Covering a Fruit Cake with Marzipan

Can be fiddly when first tried, but any imperfections will be covered with icing.

What you will need:

Take the cake board and place the cake upside down on it. (Whether to place the cake upside down is a matter of choice) but I find it easier to get a perfect finish when starting with a completely flat surface as nothing spoils a finished cake more than the decorations sitting at ‘jaunty’ angles because the surface is not level.

Take the marzipan and knead it on an icing sugar dusted surface. The marzipan should be very soft and not crack at the edges as you manipulate it.

A tip should the marzipan be particularly cold and hard is to pop it in the microwave for 30 seconds. This is just enough to soften it slightly, any longer and it will dry out. I always use white marzipan. It is softer, more natural and will not show through white icing. Unfortunately it is more expensive, but it is worth the extra money, in texture, flavour and useability.

If the cake has risen slightly and it usually is slightly higher in the middle than the sides, then simply fill in the space at the bottom with a ‘sausage’ of marzipan. This has the added advantage of ensuring the cake is completely sealed.

As you place the ‘sausage’, gently push it into the space with your fingers. When you have gone round the cake, use a round bladed knife to flatten the marzipan and cut off the excess.

Next, cover the entire cake and marzipan ‘sausage’ with a thin layer of jam.

When this is done, put the cake to one side and dust the working surface with icing sugar. Take the marzipan and knead it until soft and smooth.

Roll out evenly. (The cake is covered in one piece to avoid any joins that could allow discolouration of the finished cake through seepage from the cake.) A good check to see that the marzipan is large enough, is to take the cake on its board and hold it over the rolled out marzipan. The marzipan sheet should look approx 2″ larger than the cake board.

When it is large enough, carefully lift the marzipan and place it over the prepared cake and smooth the top working from the centre to the edges using the smoother or flat of the hand. Next smooth down the sides, trying not to create any ‘thick’ patches on the corners.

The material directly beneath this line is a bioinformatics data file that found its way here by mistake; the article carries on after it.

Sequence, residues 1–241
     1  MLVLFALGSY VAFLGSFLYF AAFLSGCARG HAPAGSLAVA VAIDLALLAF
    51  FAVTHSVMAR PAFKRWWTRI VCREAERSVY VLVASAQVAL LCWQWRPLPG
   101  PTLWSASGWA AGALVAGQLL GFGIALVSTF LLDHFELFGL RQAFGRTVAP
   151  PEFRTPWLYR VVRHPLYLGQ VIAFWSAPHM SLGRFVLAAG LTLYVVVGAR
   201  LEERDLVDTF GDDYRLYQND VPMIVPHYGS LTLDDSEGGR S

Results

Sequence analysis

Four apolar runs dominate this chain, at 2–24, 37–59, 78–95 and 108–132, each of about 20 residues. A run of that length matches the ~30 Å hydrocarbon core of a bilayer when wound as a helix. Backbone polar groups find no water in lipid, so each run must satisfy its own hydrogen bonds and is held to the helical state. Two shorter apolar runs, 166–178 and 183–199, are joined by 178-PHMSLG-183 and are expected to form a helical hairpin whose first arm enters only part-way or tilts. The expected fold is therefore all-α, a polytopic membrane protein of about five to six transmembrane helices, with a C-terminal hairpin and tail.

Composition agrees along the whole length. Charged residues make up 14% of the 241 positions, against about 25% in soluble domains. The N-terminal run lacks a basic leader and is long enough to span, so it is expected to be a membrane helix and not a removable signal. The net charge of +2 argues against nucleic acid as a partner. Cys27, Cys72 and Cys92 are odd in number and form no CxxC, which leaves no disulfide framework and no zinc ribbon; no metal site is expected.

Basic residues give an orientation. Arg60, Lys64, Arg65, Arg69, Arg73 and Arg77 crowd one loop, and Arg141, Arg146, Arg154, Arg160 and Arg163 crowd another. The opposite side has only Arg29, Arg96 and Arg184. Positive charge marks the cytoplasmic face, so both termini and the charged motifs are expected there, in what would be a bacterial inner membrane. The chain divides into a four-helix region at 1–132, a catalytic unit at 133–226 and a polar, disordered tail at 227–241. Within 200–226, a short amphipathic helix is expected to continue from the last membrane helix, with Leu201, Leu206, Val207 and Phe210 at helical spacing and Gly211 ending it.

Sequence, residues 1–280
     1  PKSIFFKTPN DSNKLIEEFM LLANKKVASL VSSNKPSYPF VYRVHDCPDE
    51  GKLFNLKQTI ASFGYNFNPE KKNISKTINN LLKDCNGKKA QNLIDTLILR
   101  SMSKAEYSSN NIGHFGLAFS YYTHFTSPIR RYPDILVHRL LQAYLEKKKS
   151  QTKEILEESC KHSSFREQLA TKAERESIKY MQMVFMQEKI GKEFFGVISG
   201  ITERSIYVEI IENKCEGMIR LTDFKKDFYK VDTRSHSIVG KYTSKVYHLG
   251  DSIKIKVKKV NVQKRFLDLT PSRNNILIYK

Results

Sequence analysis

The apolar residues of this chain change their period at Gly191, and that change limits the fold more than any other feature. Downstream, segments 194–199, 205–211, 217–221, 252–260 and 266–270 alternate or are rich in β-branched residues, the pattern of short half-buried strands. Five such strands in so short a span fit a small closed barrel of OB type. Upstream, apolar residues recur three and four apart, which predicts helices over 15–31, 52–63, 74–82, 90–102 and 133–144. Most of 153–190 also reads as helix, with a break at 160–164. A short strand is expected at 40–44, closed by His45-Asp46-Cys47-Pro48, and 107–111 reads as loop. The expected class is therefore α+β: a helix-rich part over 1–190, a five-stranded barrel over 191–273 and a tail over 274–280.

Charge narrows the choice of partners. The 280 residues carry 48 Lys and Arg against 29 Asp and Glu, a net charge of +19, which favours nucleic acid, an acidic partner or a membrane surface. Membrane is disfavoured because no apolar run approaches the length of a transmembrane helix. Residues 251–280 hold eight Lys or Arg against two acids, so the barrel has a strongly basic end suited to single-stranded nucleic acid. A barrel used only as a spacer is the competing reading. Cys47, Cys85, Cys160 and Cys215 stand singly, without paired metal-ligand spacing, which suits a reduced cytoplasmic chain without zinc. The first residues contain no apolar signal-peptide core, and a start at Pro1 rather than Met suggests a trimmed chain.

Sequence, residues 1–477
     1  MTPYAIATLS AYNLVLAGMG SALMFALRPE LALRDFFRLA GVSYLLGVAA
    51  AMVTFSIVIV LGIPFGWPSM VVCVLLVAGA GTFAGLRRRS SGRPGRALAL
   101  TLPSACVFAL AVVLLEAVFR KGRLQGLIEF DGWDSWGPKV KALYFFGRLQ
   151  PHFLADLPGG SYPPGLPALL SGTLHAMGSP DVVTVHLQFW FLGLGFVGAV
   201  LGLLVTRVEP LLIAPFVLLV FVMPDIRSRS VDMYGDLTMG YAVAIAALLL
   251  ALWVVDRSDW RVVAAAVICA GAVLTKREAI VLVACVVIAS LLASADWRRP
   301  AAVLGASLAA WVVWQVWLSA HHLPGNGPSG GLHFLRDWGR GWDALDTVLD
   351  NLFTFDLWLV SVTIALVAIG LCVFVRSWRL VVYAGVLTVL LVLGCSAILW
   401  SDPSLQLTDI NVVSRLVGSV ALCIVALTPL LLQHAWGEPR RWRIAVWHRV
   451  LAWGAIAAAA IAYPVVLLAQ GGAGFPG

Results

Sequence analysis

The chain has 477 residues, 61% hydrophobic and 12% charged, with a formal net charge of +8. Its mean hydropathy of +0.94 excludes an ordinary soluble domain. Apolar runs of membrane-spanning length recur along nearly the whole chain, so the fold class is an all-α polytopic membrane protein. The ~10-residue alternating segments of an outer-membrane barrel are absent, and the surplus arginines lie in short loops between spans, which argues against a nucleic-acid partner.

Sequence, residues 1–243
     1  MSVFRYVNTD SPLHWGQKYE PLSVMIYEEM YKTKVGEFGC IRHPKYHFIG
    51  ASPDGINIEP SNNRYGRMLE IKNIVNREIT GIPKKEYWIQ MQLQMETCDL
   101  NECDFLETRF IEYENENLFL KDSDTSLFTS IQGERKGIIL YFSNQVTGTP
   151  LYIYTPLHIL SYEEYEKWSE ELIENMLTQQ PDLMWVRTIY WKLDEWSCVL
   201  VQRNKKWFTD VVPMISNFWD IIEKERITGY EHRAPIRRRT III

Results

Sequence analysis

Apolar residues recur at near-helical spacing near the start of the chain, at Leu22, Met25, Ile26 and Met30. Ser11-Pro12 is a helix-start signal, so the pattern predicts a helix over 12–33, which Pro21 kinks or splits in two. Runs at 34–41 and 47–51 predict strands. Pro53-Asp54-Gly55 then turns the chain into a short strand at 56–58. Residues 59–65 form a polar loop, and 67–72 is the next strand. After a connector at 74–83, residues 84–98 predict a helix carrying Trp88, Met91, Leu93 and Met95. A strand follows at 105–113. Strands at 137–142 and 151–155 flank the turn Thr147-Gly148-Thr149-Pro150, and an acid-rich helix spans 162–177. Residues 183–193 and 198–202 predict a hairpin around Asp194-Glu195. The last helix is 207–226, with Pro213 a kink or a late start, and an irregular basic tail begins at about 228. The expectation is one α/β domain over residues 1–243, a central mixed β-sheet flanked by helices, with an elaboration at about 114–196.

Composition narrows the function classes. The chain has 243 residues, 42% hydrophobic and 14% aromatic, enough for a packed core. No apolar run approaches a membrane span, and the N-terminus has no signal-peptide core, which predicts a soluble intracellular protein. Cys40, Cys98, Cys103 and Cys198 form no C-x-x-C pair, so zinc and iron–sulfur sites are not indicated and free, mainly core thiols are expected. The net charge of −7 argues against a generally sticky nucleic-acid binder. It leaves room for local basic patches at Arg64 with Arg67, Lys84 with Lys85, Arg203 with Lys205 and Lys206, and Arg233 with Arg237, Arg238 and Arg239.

When the marzipan is smooth with no air bubbles, cut off the excess with a round bladed knife.

Finally rub the flat of the hand over the surface of the cake to create a smooth almost ‘glossy’ finish.

Leave the cake to dry for 3 days. I find it best to put it in a cardboard cake box with the lid sat at an angle.


  1. @ Janice. Ideally I would leave the cake at least four days before marzipan and icing so it has chance to mature a little. However you can start whenever you want.

  2. Hello, I have just made your 12″ rich fruit cake, thank you for sharing this recipe, I am unsure how far in advance i can marzipan and ice this cake(fondant icing) as I would rather be doing it sooner rather than later, the cake is needed in two weeks , I would be so grateful for your advice
    Jan x

  3. I find that a lot of people do not like marzipan, but before you dismiss it totally, do try the natural (white) marzipan. This has a subtle taste and is nowhere near as sweet as the yellow marzipan traditionally available. However, there are a couple of alternatives. The reason for using marzipan is to seal the cake and prevent brown marks showing through and also to give a smooth surface on which to ice. If you are using fondant icing, you could cover the cake in two layers of fondant (use the blocks of fondant ‘Regal Ice or Supercook’ and not the ready to roll). The other alternative which works very well on both fruit and sponge cakes is to cover with a layer of melted white chocolate. The chocolate seals the cake and gives a good surface to cover with either fondant or Royal Icing. Use white chocolate drops or blocks specifically for cooking as confectionery white chocolate does not melt very well and becomes dry and lumpy.

  4. I’ve made a fruitcake for my Fathers birthday (party next weekend), I need to decorate it but no one really likes marzipan. Do you need to use marzipan on a fruitcake before icing it? Are there any alternatives that you have had some success with?

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